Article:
Climate protesters have targeted HM Treasury in Westminster Credit:Peter Nicholls/Reuters Police have begun removing seven glued #ExtinctionRebellion climate change protestors blocking the entrance of London Stock Exchange. Police on site say they can be arrested on two charges – criminal damage and aggravated trespass. @bbcnews pic.twitter.com/RhvfSSefaR— Kathryn Stanczyszyn (@stanchers) April 25, 2019 An 83-year-old grandfather joined activists on top of a train at Canary Wharf.Phil Kingston, Christian Climate Action, is thought to be demonstrating because of concerns he has for his grandchildren. 9:17AMProtests taking shape across City 8:10AMOctogenarian among train protesters at Canary Wharf Police have warned people to expect disruption across the City of London today as demonstrators prepare to “swarm” locations in attempts to disrupt traffic.Protesters are understood to be targeting a number of locations today with Cannon Street, Fleet Street and Bank station thought to be among them. 8:05AMBritish Transport Police “working to remove the protesters” Police have made five arrests as climate protesters targeted Canary Wharf station this morning.The demonstration, the second in just over a week at the DLR station, saw activists climb on top of a train as services were disrupted.British Transport Police said five people had been removed and have been arrested on suspicion of obstructing the railway. Activists have begun demonstrating at various locations across the City of London.Crowds have formed in Bank junction, where protesters are sat in the middle of the road, while some are holding banners that read: “Climate emergency” and “We Can’t Eat Money”.Police tweeted: “We are currently aware of protesters at various locations across the City, including the Bank and Southwark Bridge areas. We have a policing plan in place to manage any direct action.” 9:22AMPolice removing protests from London Stock Exchange Police remove Extinction Rebellion protesters who have glued themselves to the entrances at the London Stock ExchangeCredit:Isabel Infantes/PA Climate protesters block City of London around the Bank of England Credit:Gavin Rodgers Police are here at #CanaryWharf pic.twitter.com/WNl6qsPgN9— Extinction Rebellion 🐝⌛️🦋 (@ExtinctionR) April 25, 2019 The protest at the London Stock Exchange was described as the first in a planned day of disruption in the Square Mile.Activists have glued themselves to two entrances this morning.In a statement, Extinction Rebellion said: “Today (Thursday), Extinction Rebellion will focus the financial industry and the corrosive impacts of the financial sector on the world we live in.”First up the London Stock Exchange where protesters are glued on to the front and back entrances preventing people from entering.” The activists have now been removed from the stock exchangeCredit:Matt Dunham/AP In a statement, XR said: “Many of the most environmentally destructive companies in the world have their stock market listings at the London Stock Exchange (LSE). This institution literally trades in the devastation of our planet.”These include fossil fuel and highly destructive mining businesses as well as those who are creating ecological catastrophe, such as the cutting down of virgin rainforest for palm oil production.”A spokesman for City of London Police, which deals with the Stock Exchange, said: “We are aware protesters have taken direct action in the City this morning. We have a policing plan in place to manage protester activity.”Yesterday, protesters in London agreed to remove blockades and campsites at Marble Arch and Parliament Square before a ‘closing ceremony’ takes place in Hyde Park. 9:46AMAll protesters removed from London Stock Exchange Cathy Eastburn, 51, Mark Ovland, 35, and Luke Watson, 29, were charged and are due to appear at Blackfriars Crown Court on May 16. Today’s protests are understood to be part of co-ordinated action against the financial industry, which Extinction Rebellion claims facilities climate change, to mark the final day of demonstrations in London.Protesters from Extinction Rebellion have glued themselves to the front of the Treasury in Westminster.The nine protesters, two men and seven women, have formed a chain of people preventing people from entering One Horse Guards Road. They include Alan Heath, 55, a research scientist, Jen Witts, 38, a support worker, Sian Vaughan 53, a retired head teacher, Debbie Rees, 57, a gardener and artist, Kef Shimidzu, 55, a tutor, Lucy Galvin, 53, a civil servant and Johnny Woon, 60, who is retired.A further six protesters, five men and one woman, also from Extinction Rebellion also blocked a second entrance to the stock exchange.Among that group is a 42-year-old tree surgeon, Ben Barrage, and Dr Sandy Biden-Hoskins, 64, a doctor of archeology.All the demonstrators were removed. Phil Kingston, 83, said he was demonstrating over concerns for his grandchildrenCredit:Dylan Martinez/Reuters The other protesters on top of the DLR train were Ruth Jarman, 55, from Hampshire, Nick Cooper, 36, who teaches shoemaking at Northampton University, Ian Bray, and Richard Barnard, 45.They held a prayer vigil during their occupation of the train, Christian Climate Action said.British Transport Police said five arrests had been made.The protest is the second to take place at Canary Wharf station after two men and a woman were accused of gluing themselves to a train last Wednesday. Extinction Rebellion (XR) activists have glued themselves to the Treasury, hours after a similar protest at the London Stock Exchange, on a day of protests aimed at disrupting London’s financial district.Nine protesters, two men and seven women, formed a blockade to prevent people from entering One Horse Guards Road in Westminster.The demonstration came hours after activists blocked two entrances at the London Stock Exchange, climbed on top of a train at Canary Wharf station and swarmed roads across the Square Mile.Protests began today at the stock exchange where two men and five women, wore LED signs reading: “Climate emergency”, “Tell the truth” and “You can’t eat money”, as they linked arms outside the financial institution before 7am.Extinction Rebellion named the activists on its website and gave their ages and occupations. Protesters block traffic at Bank Junction during the Extinction Rebellion demonstrationCredit:Simon Dawson/Reuters 10:19AMProtests staged outside Goldman Sachs Activists from Extinction Rebellion have been removed from both entrances of the London Stock Exchange. Extinction Rebellion have said 12 arrests have been made after climate activists demonstrated at the financial institution this morning.According to the group, 10 people who were glued at two entrances were held along with two supporters. Dozens of Extinction Rebellion members have demonstrated outside the offices of bankers Goldman Sachs on Fleet Street in central London.The group is moving down the road and blockading it at short intervals.Protesters are carrying banners and include around a dozen drummers. Protesters glued to the London Stock Exchange are now being removed by police as demonstrations across the financial district take place.Specialists teams were called to the financial institution to remove seven activists outside the front entrance, and six blocking the back one. Swarms of climate change activists are demonstrating across several locations of London’s financial district. Extinction Rebellion said it would focus its efforts on the finance industry “and the corrosive impacts of the financial sector”.In a statement, the group said: “The global financial industry is currently enabling climate and ecological destruction on an almost unimaginable level, and a considerable proportion of this money flows through London.”Crowds of protesters are disrupting traffic near the Bank of England. In a statement announcing the end of its action XR said: “We would like to thank Londoners for opening their hearts and demonstrating their willingness to act on that truth.”We know we have disrupted your lives. We do not do this lightly. We only do this because this is an emergency.”More than 1,000 people have been arrested during the protests which started on April 15, while more than 10,000 police officers have been deployed.The action has seen Waterloo Bridge and Oxford Circus blocked and a “die-in” at the Natural History Museum.A Transport for London spokesman said: “We are aware that there are demonstrations taking place across London which may cause disruption to travel.”The safety of our customers and staff is our number one priority and we’re working closely with the police to manage the impact on London’s transport network. We would encourage people to check their journeys before they travel.” Environmental protesters from Extinction Rebellion glue themselves to London Stock ExchangeCredit:Mason Boycott-Owen/PA 8:56AMExtinction Rebellion looking to disrupt traffic across City of London The protest is part of a planned day of disruption across the financial districtCredit:Isabel Infantes/PA One of the protesters includes 83-year-old Phil Kingston. He participated in the demonstrations, on his birthday, over concerns for his grandchildren.Minutes before, Mr Kingston, a retired Bristol University lecturer, was videoed eating a packed lunch whilst cross-legged on the DLR roof, having climbed up there using a portable ladder with other activists.The 83-year-old’s arrest came just days after he shared a temporary stage with 16-year-old Swedish climate campaigner, Greta Thunberg at a Marble Arch rally. We are aware protesters have taken direct action in the City this morning. We have a policing plan in place to manage protester activity.— City of London Police (@CityPolice) April 25, 2019 Opposite bank station pic.twitter.com/l0p6WNzxEj— Charlotte Maher (@CharMaher) April 25, 2019 Scotland Yard said 26 people had been arrested outside the London Stock Exchange on suspicion of aggravated trespassing.The total number of arrests made in connection with climate protests stands at 1,130, with the current number of people charged remaining at 69, the Metropolitan Police said.Elsewhere in the financial district, protesters climbed on top of a Docklands Light Railway train at Canary Wharf station, while at least one woman glued herself to the side.At least four people, understood to be from Christian Climate Action, were on top on the train holding signs saying “business as usual death” and “don’t jail the canaries”. Police are starting to unglue activists from the London Stock Exchange after demonstrators blocked a front and rear entrance this morning.Specialists teams at arrived at the financial institution while police have put a cordon in place.Extinction Rebellion have warned the operation could take some time because it is “delicate”. 8:30AMWorkers prevented from entering London Stock Exchange Phil, 83, is here to #tellthetruth about his fears for the future of his grandchildren pic.twitter.com/nrJ5j7z5aL— Extinction Rebellion 🐝⌛️🦋 (@ExtinctionR) April 25, 2019 A police cordon is in place while attempts to unglue the protesters take placeCredit:Ollie Millington/Getty Outside Goldman Sachs right now https://t.co/6NL56PUIOJ— Extinction Rebellion 🐝⌛️🦋 (@ExtinctionR) April 25, 2019 Police are trying to remove a woman’s hand glued to a train as protesters targeted Canary Wharf station again during the Extinction Rebellion protests.Activists climbed on top of a DLR train this morning, while Diana Warner attached her hand to one of the windows.Police are in the process of trying to remove the demonstrators. 8:34AMFemale protester glues herself to DLR train A police officer tries to remove the hand of protester Diana Warner, glued to a trainCredit:Dylan Martinez/Reuters 9:27AMFive arrests at Canary Wharf station Climate change activists held up banners on the roof of a DLR train at Canary Wharf stationCredit:AFP Extinction Rebellion protesters formed a road protest outside Goldman SachsCredit:Joe Newman A man takes part in a demonstration at the London stock exchange during an Extinction Rebellion protestCredit:Simon Dawson/Reuters 8:39AMProtesters being unglued from London Stock Exchange 9:53AMSquare Mile targeted by climate change protesters The disruption is expected to last for most of the dayCredit:Gavin Rodgers Activists climbed on top of a train at Canary Wharf stationCredit:Jack Hardy Officers from the British Transport Police say they are responding to the demonstration at Canary Wharf.The force said specialist units had been deployed to the scene and it was working to “remove the protesters”.The Docklands Light Railway said it was operating with “minor delays” because of the “customer incident” at Canary Wharf.In a statement, BTP said: “Shortly after 7.15am this morning (25/04) officers from British Transport Police were called to Canary Wharf station after a number of protesters had climbed on top of a Docklands Light Railway (DLR) service. “Specialist units trained in protester removal were immediately deployed and are now working to safely remove those obstructing the DLR service. There are no arrests at this time. “Some DLR services may be disrupted while teams respond, please check with Transport for London before you travel.” A horn sounds bringing the @ExtinctionR Bank Junction blockade to a close. With demos at the @LSEplc and #CanaryWharf station to a standstill @itvnews pic.twitter.com/Ylg9hRyiP9— Tyrone Francis (@TJFrancisLive) April 25, 2019 We are currently responding to a protest incident at Canary Wharf station where a @LondonDLR service is being obstructed.Specialist units are on scene who are working to remove the protesters. Please check with @TfL for travel update. pic.twitter.com/BgKz8DI9PG— British Transport Police (@BTP) April 25, 2019 Want the best of The Telegraph direct to your email and WhatsApp? Sign up to our free twice-daily Front Page newsletter and new audio briefings.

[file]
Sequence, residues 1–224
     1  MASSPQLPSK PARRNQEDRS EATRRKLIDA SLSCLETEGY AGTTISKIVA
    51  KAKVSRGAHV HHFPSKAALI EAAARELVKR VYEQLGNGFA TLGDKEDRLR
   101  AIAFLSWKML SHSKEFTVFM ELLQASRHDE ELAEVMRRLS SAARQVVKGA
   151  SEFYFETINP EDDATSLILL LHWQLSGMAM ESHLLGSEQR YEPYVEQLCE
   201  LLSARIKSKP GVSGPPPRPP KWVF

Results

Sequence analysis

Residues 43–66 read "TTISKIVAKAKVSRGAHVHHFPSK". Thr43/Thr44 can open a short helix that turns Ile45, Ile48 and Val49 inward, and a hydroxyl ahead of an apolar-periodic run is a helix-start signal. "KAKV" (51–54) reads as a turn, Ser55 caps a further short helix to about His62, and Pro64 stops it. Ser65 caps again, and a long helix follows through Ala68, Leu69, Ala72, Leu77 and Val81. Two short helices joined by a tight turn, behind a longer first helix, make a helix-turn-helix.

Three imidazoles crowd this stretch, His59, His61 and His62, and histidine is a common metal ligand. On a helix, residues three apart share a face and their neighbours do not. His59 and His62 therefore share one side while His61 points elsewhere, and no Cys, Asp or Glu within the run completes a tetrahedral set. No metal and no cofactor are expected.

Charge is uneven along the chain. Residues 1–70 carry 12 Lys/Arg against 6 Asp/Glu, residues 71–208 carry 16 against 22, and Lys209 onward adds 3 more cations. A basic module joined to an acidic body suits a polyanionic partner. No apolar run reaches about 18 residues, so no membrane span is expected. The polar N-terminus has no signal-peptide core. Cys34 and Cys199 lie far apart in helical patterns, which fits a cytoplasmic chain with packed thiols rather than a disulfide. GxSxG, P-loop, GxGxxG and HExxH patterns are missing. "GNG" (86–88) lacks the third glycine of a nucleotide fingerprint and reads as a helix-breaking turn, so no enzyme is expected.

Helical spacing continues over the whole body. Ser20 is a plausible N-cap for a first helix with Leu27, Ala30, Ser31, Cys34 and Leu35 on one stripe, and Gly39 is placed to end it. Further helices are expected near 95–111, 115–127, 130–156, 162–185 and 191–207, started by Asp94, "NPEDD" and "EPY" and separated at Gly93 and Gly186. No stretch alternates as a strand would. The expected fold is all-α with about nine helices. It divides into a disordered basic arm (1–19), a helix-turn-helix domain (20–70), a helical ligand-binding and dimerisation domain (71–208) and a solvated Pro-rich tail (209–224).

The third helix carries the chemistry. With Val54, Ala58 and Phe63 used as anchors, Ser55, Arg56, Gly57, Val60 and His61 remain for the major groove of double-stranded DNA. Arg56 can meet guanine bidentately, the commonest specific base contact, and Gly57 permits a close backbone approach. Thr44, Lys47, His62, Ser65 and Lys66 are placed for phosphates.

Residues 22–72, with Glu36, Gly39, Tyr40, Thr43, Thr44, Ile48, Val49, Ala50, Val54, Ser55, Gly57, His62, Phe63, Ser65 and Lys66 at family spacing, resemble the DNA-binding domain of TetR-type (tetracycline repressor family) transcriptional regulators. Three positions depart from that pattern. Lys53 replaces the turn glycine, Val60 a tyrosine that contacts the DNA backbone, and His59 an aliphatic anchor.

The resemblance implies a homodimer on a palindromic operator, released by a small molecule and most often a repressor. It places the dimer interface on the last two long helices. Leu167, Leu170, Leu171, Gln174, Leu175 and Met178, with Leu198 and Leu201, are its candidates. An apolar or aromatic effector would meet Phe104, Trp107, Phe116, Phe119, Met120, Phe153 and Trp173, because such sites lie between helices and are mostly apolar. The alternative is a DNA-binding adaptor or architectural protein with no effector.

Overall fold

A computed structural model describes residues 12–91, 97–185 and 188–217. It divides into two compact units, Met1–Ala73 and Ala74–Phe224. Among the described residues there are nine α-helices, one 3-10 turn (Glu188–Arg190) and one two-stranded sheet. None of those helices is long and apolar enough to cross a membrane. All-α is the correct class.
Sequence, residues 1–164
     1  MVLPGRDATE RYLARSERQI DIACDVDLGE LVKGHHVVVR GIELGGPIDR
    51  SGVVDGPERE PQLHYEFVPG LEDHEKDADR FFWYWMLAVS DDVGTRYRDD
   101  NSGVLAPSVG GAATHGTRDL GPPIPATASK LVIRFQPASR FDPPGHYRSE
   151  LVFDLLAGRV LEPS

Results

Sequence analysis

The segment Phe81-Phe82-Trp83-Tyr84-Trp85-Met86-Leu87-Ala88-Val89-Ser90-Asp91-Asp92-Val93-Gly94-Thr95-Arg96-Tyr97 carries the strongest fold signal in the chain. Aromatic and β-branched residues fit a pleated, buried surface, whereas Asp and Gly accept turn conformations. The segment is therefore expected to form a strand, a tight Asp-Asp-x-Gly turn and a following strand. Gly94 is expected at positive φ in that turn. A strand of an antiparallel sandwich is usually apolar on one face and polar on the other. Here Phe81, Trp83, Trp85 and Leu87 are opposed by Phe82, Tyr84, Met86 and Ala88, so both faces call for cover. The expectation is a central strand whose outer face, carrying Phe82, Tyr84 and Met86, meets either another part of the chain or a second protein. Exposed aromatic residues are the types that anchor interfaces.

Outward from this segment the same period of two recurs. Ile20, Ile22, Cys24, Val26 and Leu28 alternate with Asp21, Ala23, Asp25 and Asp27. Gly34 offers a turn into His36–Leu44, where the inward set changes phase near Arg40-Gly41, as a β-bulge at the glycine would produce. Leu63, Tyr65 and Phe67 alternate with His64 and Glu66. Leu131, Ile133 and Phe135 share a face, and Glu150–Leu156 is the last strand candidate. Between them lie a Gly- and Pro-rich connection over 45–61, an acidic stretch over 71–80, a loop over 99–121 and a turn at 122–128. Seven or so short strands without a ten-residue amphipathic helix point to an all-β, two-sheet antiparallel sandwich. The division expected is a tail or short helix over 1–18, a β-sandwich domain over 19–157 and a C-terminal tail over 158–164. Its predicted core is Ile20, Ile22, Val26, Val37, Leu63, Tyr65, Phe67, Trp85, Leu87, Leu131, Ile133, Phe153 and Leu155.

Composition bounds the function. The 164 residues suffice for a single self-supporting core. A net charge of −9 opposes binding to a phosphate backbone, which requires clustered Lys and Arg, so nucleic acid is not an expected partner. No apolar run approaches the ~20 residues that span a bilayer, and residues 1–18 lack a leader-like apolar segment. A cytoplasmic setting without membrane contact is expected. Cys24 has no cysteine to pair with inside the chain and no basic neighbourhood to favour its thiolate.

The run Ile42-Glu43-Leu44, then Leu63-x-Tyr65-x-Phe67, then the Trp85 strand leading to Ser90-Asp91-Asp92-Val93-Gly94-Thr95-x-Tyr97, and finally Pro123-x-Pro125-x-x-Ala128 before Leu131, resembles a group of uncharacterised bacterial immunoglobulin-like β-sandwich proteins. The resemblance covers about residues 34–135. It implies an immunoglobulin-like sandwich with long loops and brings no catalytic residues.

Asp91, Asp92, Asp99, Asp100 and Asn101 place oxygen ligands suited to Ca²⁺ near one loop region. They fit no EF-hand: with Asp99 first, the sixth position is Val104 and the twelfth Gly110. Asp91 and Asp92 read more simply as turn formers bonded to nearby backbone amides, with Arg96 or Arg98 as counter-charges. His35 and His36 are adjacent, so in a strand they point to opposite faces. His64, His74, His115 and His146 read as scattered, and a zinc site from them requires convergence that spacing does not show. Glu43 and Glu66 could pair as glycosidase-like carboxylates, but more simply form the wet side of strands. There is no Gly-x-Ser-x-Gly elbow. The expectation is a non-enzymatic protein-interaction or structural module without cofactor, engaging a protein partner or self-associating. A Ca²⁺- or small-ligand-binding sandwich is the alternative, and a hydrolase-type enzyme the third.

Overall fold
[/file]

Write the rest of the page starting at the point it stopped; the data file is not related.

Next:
Around the world it is reassuring to see mining companies and mining executives taking positive action against the bully tactics and illegal activities of anti-mining NGOs and others. Legal action in justified cases is one thing, illegal and dangerous actions that are wholly self-serving to the anit-mining cause are quite another.Just this weekend, New Zealand coal producer Solid Energy said on Sunday that it “stands 100% by its use of security advisors to help protect its people, its property and its business against the ongoing and increasingly illegal activities of environmental activists.” The company’s CEO hit back hard following an article in the Sunday Star Times: “All businesses gather a wide range of information to protect themselves against risk. We’re no different; one of our significant risks is the illegal activities of these activists, which are specifically designed to cause us maximum economic damage. As part of our security risk management we employ advisors, including Thompson & Clark Investigations, to provide us with information and advice to manage and minimise these sorts of risks to our business. “We contract with them on the same basis as all our other consultants and contracts; that all the activities they carry out are legal, ethical and moral. We are fully satisfied that all TCIL’s and others’ work for us complies with this requirement. “Time and time again over the last two years activists have tried to damage our business. These people are not peaceful, legitimate critics or protestors. These groups include anarchists who have stated publicly that they believe they do not need to act within the laws of New Zealand. Their actions have repeatedly broken the law, and part of their purpose is to intimidate staff and others associated with our company. “Activists have repeatedly harassed our staff. In recent weeks they have also harassed and attacked the home of one of our directors. Just on Friday two activists were seen, by a number of staff,filming and ‘casing’ our Christchurch office from the street. They have shown they are willing to endanger their own lives and others by chaining themselves to railway lines and by camping out in an area closed for public safety reasons due to blasting.“This occupation of the blasting zone was the tipping point that forced us to cancel export shipments with the potential loss of NZ$25 million to the company. We have a responsibility to take appropriate steps to protect our business and the public investment in our company against illegal and inappropriate activities. We have been doing this and we will continue to do so”.“We will not discuss any details of our security arrangements, as this would prejudice and disadvantage our ability to carry out our commercial activities. However I would like to be absolutely clear. We stand behind Thompson & Clark Investigations and their work for us. Their activities are legal, moral and ethical, and they conduct their business in compliance with their industry standards which are widely accepted and consistent with international practices. These are standards which the activists do not have and could not comply with.“Solid Energy treats the security of our business and the safety of our staff extremely seriously. We will do whatever is appropriate to ensure our staff and contractors work in a safe environment, to protect our property and to minimize disruption to our business. None of this should come as any surprise. It’s what businesses do. Those who claim otherwise are simply trying to mask their own true objectives which are to maximize the damage to our business. Their pathetically contrived outrage is totally without any legal, moral or ethical justification.”